The program also provides the opportunity to play relaxation tapes and music to the infants. The music helps soothe the infants and softens equipment noise and other interruptions so that the babies can rest more comfortably.
"All of our parents have commented on how wonderful this program is," states Rachael, "It is truly a great way for parents and family members to always be with their precious baby."
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SimMan Comes to Ministry Saint Joseph's Hospital
Edward Fernandez, MD
programs SimMan for a
scenario for Dena Jarog, RN
and Kathryn Olson, MA, RN.
He may not be Superman, but SimMan will certainly save lives. SimMan is a computerized mannequin created and operated, in large part, like simulators used in the aerospace industry. The Foundation Board approved the request for funding this advanced teaching tool because of the tremendous increase in complex trauma patients being admitted to Ministry Saint Joseph's Hospital.
Children's Miracle Network provided funding as well since the simulator is also used in training Pediatric Intensive Care Unit staff.
The simulator exhibits a variety of breath sounds and cardiac rhythms. Physicians, nurses, and other providers also can obtain blood pressure and pulse oximetry readings as well as practice complex airway management. In addition, the mannequin allows for the inserting of IVs, catheters, chest tubes, and needle thoracotomies.
"Before SimMan, we had to 'pretend' everything," said Kathryn Olson, RN, MA, and Director of Patient Care Services at Ministry Saint Joseph's Hospital. "To tell residents or nurses in a mock training session that the mannequin's throat is tightening up doesn't prompt the kind of reaction that an actual laryngeal constriction does when attempting to intubate a real patient. We can now electronically trigger that kind of response in SimMan and see how our medical team responds."
According to Edward Fernandez, MD, Pediatric Intensivist on staff at the Hospital, the new technology is an invaluable teaching and practicing tool. "For a mock code, I program a scenario into the computer and wait for the medical team to arrive. I stand back and let them run the code." If the correct actions are taken, SimMan's condition improves; if not, his condition deteriorates and providers must continue to adjust their interventions. "It truly mimics real-life scenarios," said Dr. Fernandez, "but there is no need for the teaching doctor to step in and correct a mistake."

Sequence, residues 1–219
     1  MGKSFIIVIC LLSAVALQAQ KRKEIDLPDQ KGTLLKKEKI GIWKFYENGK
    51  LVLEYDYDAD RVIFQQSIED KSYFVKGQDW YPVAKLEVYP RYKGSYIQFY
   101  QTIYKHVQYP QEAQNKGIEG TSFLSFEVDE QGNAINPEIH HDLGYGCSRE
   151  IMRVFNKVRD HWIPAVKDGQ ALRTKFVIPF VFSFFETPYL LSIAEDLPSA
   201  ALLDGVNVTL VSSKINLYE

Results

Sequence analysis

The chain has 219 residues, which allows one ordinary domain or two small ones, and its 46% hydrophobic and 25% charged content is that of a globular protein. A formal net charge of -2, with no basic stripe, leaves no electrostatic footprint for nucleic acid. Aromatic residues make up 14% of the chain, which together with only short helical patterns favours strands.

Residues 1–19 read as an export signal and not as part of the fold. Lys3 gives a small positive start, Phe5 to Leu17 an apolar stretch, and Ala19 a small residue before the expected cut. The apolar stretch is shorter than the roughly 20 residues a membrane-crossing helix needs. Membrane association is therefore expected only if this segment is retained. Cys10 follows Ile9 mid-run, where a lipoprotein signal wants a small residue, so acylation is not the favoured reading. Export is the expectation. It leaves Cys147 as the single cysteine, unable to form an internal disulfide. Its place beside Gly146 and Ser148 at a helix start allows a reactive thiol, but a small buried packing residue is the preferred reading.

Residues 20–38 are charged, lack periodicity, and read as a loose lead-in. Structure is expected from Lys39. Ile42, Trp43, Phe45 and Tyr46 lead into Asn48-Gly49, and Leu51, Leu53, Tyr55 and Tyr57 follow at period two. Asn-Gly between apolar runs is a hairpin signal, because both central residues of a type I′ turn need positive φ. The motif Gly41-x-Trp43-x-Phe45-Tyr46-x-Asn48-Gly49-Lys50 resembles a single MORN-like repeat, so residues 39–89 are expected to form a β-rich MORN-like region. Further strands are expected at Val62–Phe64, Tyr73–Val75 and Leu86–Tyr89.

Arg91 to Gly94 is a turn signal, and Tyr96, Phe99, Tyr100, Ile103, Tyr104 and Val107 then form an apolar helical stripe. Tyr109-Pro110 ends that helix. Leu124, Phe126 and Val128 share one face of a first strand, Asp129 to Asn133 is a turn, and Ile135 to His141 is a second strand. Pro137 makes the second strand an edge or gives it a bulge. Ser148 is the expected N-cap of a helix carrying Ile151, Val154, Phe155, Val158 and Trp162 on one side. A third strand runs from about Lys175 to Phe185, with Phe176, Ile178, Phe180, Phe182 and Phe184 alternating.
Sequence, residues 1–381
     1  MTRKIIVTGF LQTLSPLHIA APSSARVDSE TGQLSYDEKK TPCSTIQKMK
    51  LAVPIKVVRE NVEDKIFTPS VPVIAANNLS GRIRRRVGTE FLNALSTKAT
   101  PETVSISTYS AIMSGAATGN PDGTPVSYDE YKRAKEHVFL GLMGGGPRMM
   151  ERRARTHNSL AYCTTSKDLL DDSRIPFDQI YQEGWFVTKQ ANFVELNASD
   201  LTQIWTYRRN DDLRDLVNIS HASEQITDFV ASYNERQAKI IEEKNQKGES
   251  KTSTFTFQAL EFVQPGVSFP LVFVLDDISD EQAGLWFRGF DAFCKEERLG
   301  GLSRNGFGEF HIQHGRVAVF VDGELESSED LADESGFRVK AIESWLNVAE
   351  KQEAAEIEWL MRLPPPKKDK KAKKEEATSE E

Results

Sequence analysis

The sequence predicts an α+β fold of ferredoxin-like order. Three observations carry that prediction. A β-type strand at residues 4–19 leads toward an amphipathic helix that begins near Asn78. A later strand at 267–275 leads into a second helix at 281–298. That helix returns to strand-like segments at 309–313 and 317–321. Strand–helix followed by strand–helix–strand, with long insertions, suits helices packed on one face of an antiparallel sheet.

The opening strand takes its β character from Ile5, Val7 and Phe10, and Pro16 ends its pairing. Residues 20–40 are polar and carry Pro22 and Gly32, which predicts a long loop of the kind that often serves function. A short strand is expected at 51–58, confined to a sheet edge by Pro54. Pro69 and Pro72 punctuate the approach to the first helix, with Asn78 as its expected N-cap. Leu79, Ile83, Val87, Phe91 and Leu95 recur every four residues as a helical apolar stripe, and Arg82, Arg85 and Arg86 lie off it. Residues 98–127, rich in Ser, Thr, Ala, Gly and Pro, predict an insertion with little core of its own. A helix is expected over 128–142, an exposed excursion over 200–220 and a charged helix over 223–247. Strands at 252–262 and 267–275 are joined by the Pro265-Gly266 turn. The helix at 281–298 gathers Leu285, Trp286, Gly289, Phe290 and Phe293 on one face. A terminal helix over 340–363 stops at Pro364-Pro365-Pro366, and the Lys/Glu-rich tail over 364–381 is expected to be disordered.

In-services with mock resuscitations are held twice a month for physicians, nurses, respiratory therapists, pharmacists, and staff actively involved in the Critical Care Units. In addition, SimMan is being made available to the UW-Eau Claire Nursing Program based at Ministry Saint Joseph's Hospital.
The Nita Newborn mannequin.
After seeing what SimMan could do for training with regard to trauma patient scenarios, the staff of the Hospital's Birth Center decided to look into the Noelle Birthing Simulator and the Nita Newborn mannequin.
Again, funding for these came from the Foundation of Saint Joseph's Hospital and Children's Miracle Network.
According to Ruthie Watt, Birth Center Manager, "The addition of the Nita Newborn and Noelle Birthing Simulator will give new staff and nursing students the opportunity to apply what they have learned in a lab environment prior to utilizing those skills with our patients."
Not only will new employees of the Birth Center benefit from these two models, the Spirit of Marshfield Transportation Team will have the opportunity to simulate birth events in a controlled setting so they are able and equipped to deal with a delivery "in the field." The educational programs of the University of Wisconsin-Eau Claire School of Nursing and Mid-State Technical College also will have access to Nita and Noelle for their students.
"Our very precious little patients will definitely benefit from trained staff that have dealt with multiple simulations of complications during delivery," said Ruthie.